I would say it is the way of service, service in the minute, in the hopelessly mundane kerfuffle of everyday life. Service that hurts not so much because it is hard but because we must do it without fanfare and without hope of affirmation. Monks don’t give affirmation too readily, but then again, neither do teenage children and grandchildren. Service without fanfare, to me that is Saint Benedict’s way.And …

I would say it is the way of wisdom distilled from the daily, the way we eat, the way we sleep, the way we recreate as true followers of Christ. IT is devotion to life, not understood as the vague abstract of the vows or promises, but understood as something that is intimate and profound.

Something of that is revealed for us in the reading today from the Acts of the Apostles.

How do we move to that fellowship of believers spoken of so eloquently in the Acts of the Apostles

They devoted themselves to teaching

Are we committed in our place in life to continually listen for the syllables of the Word of God pressing upon us or are we only interested in studying the tomes of our own ideas, our unique personalities?

They devoted themselves to fellowship

Are we committed to finding fraternity with one another or are we just interested in how all of this involves me?

They devoted themselves to prayer

Are we immersed in the life of God through our participation in the Opus Dei or are we just critical of the prayer, the singing, the recitation, the reading, the presiding?

They devoted themselves to the breaking of the bread together in one place.

All of them were together in one place, as are we. Together in one place under the watchful eye of Saint Benedict, the patriarch, the legislator.

Wherever his bones may be, or wherever our bones may be.

Let’s see checklist ...

Gospel

Epistle

We might as well throw in Proverbs

For the LORD gives wisdom;
from his mouth come knowledge and understanding;
he stores up sound wisdom for the upright;
he is a shield to those who walk in integrity,
guarding the paths of justice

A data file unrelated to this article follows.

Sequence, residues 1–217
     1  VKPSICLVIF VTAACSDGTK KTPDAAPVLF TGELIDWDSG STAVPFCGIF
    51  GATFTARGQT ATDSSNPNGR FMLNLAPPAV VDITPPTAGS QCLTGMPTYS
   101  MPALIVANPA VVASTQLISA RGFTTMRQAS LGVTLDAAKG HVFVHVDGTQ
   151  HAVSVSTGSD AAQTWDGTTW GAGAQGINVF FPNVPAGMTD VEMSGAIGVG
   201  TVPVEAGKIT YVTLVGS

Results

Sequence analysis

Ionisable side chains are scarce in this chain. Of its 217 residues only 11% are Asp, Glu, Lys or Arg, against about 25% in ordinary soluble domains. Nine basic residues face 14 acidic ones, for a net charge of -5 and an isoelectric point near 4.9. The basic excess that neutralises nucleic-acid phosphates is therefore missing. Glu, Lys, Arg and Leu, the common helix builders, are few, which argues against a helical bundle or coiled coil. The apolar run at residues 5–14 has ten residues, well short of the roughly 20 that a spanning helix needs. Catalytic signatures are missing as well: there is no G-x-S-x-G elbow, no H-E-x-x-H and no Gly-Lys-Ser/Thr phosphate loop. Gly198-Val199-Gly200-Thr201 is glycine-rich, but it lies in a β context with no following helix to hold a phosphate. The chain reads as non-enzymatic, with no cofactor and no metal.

and preserving the way of his saints

Please God, may the way of St. Benedict and all the saints be our way, our only way today and every day.

Thursday, March 20, 2014

Priesthood Promises

More tortuous than all else is the human heart,
beyond remedy; who can understand it?

Perhaps this evening it would be appropriate to speak about the theoretical qualities of the priesthood, and in particular how these qualities relate to the ideals presented in the promises to be professed by our deacon brothers tonight, promises that will take them into the very heart of this mystery that is the priesthood of Jesus Christ.

We could speak lofty words tonight about the oath of fidelity. Keeping a promise for life is a rare commodity in our world today. Every day we witness, many of us first-hand, the ephemeral nature of families, marriages, communities and religious vocations. We see the struggles our brothers and sisters around us make in keeping commitments. We all know something of both the statistics and the real human toll those statistics take. Trusting an authority is equally precarious. We have a great suspicion of institutions, a suspicion that sometimes confounds our ability to be faithful.

We could offer high sounding phrases about the profession of faith, but we know the value of our creed, we know the blood that stains each word of this holy testament, we know how its syllables connect us to all of those men and women, those saints of God who have professed it while endless ages have rolled. We know how these prophetic words have struck and stung the scorpions of human pride. We know how their utterance has confounded heresy and the tyranny of human ambitions. We know how they draw us back to the waters of our baptism, where we rejected one world and promised to live for another, a kingdom of this world, and a kingdom of the world to come.

In this context we need not worry about this one’s that and that one’s the other.

We could go on and on being eloquent, but let’s not. Neither these men nor we need to be reminded of the serious nature of the obligations they are voicing tonight or the kind of promises they are soon to profess again.

Rather let us ask ourselves another question: Who are these men?

They are young and not so young. They are brown, extremely white and all points in between.

They are easy to understand and not so easy to understand, at least verbally.

Some are shy and some are quite loud. Some are bright and others are kind. Some are large and some small. Some are men of the minute and some have photographic memories.

Some are homebodies and some will sleep anywhere they happen to fall down.

Some are well-organized and some are something else.

Like Lazarus, they are all poor men, covered with sores standing with us tonight at the door of the Church. They long for something, they long to make something of their lives, they long to count, they long to be of use. They are dying for service and that is what they promise tonight.

And what of these promises they make? We can hope, we can pray that in the years to come, through all of the trials they will face that these promises will stand. We can hope, we can pray that the promises professed tonight in the light of this place, this altar, sworn upon this book of the Gospels will stand forever, pristine and pure.  We can hope that these men, so varied will live perfect lives, sinless lives, lives fully in accord with the promises they profess. We can hope they will.